Ronny Deila believes in Celtic’s 4-2-3-1 system

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HE MAY hold Age Hareide in high regard but that won’t diminish Ronny Deila’s determination to oversee the downfall of his Norwegian compatriot as they lock horns in pursuit of Champions League prestige.

Deila has already seen Hareide off the premises once before, so to speak, during a three-year spell when they went head-to-head in the Norwegian League.

Celtic are set to line up against Malm� tonight with Stuart Armstrong, Stefan Johansen and Gary Mackay-Steven likely to form the attacking triumvirate behind Nadir Ciftci.  Picture: SNS

Celtic are set to line up against Malm� tonight with Stuart Armstrong, Stefan Johansen and Gary Mackay-Steven likely to form the attacking triumvirate behind Nadir Ciftci. Picture: SNS

When Hareide was sacked by Viking Stavanger in June 2012, Strømsgodset topped the table under the emerging star of Norwegian coaches in Deila who suffered just one defeat in five meetings between their teams.

Eclipsing 61-year-old Hareide over two legs of Champions League play-off action will carry even greater significance for Deila as he faces the acid test of his tenure as Celtic manager to date.

Deila could scarcely be more confident ahead of tonight’s first encounter with Malmö in Glasgow. His faith in the 4-2-3-1 formation he has adopted consistently since taking charge of the Scottish champions just over a year ago has become absolute.

Any prospect of a tactical tweak to try and outfox Hareide was dismissed out of hand by Deila. He believes his favoured system will prove irresistible against the Swedish champions if it is carried out properly by his players.

I know that when we play our system well, it is not possible to stop us

Ronny Deila

“I know what Hareide is coming here with and he has played against my systems before as well,” said Deila. “I know that when we play our system well, it is not possible to stop us. He knows as well. So it’s more about getting what we believe in out there on the pitch.

“Hareide and me are different, but we also have similarities. He is a very charismatic man with a lot of energy who gets his players to believe in winning games.

“He has a lot of experience both as a player and a coach. He is a coach I respect and it is going to be a good challenge for me.

“I know if we play our system well, we will always get opportunities and be hard to play against.

“We are just at the start of building the system but we have come quite far over the past year and that is giving me a lot of confidence going into these games.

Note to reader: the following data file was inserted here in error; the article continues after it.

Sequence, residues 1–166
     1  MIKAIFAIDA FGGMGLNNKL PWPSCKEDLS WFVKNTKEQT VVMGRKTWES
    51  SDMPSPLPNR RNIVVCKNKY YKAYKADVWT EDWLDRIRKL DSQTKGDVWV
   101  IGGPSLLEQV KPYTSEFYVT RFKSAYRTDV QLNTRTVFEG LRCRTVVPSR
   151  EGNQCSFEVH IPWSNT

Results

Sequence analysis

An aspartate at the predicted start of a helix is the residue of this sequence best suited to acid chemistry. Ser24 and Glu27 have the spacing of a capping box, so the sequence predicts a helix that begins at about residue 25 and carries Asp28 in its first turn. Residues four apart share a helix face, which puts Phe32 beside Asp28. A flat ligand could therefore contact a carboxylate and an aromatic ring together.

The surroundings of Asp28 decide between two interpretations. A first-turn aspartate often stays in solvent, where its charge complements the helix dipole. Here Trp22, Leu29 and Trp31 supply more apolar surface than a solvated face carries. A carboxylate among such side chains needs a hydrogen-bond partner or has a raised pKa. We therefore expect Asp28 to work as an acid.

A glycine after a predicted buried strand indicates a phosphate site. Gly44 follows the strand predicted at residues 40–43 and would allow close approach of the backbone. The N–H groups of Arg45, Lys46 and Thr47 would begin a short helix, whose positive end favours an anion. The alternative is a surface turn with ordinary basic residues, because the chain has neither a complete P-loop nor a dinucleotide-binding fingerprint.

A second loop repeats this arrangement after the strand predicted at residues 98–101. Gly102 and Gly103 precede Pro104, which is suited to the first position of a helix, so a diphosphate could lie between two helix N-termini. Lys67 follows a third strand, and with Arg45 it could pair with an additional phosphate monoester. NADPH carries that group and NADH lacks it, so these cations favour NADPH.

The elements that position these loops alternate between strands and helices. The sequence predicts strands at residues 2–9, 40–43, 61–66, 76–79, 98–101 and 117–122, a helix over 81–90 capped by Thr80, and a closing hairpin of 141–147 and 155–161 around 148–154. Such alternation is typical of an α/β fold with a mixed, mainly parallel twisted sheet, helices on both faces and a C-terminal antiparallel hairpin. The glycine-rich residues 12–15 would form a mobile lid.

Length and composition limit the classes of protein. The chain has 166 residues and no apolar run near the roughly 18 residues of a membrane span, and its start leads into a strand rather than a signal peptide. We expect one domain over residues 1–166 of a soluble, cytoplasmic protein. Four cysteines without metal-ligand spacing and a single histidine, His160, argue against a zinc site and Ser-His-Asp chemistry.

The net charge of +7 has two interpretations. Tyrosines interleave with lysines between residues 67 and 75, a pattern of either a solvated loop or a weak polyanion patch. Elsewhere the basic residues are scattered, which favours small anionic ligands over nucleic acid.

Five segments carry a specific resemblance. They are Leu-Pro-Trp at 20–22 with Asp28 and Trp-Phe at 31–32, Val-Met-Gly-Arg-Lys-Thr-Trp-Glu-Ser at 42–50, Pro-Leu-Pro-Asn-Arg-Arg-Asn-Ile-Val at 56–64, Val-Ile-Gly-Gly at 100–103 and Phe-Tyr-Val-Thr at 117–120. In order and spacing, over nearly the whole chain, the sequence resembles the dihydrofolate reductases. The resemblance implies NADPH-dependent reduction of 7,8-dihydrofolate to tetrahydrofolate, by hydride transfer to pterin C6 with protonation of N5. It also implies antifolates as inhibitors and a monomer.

“You have to believe in the system. We have a very clear system we play with and that will be the future for us.

“It has brought us to where we are now and it’s just the start. We have to do the things we have done for a year as well as possible. That’s courage. That’s what we believe in and the most important thing. The players and the system done well are the things that will take us through to the Champions League.”

As respectful as he is of the threat posed by Malmö, Deila believes Celtic hold all the aces when comparing the teams.

“Malmö have been getting better in the last few weeks,” he said. “They have made a couple of good signings and they are better than they were two months ago.

“They beat Salzburg again in the last round, although I don’t know how good Salzburg are compared to last year when we played them. We will get the answers on Wednesday night.

“In Malmö’s best periods, they could challenge Celtic for the title if they were playing in the Scottish league. But they couldn’t do it for a long time. The money and stability is much better at Celtic and we are a much bigger club than Malmö.

“If I had to choose between the Malmö squad and my squad, I would choose my squad. We are individually stronger than them.”

Conventional wisdom suggests that preventing Malmö from scoring an away goal should be one of the biggest priorities for Celtic as they look to take control of the tie ahead of next Tuesday’s return leg in Sweden. Deila insists he will not compromise his attacking principles in pursuit of a clean sheet but does feel his team have learned the lessons of the gung-ho approach in their 3-3 draw at home to Inter Milan as their European campaign came to an end last season.

“I can be a little bit naïve at times with the way I want to play,” he added. “Naïve is maybe a stupid word, but I believe we can do it if we play together as a team. I believe football is entertainment.

“I said that from my first days here, my dream is for Celtic to be kings of our castle here. We have to attack and we will always do that.

“That’s important because it will develop players and teams in the end. You also get good results that way.

“So we will be our normal selves against Malmö, the same way we have done over the past year. That’s what will make us go through. I really believe that and I know the players have the quality to get through.

“I’m not saying we are going to have 100 per cent control of the game and play it all in their half. But we do want to be in their half as much as possible.

“We also have to defend well and play with balance. We did a lot of good things against Qarabag in the last round, especially defensively.

“We almost can’t be better than we were against Qarabag because we did not concede any chances.

“Against Inter Milan we were open and we learned a lot from that game. We did well in the away game against Inter and we have learned as we have played more European games.

“If we are totally dominant and create a lot of chances I will not be happy with 1-0 against Malmö. I will want more. But if it is a tight game and we get 1-0, I will take it.”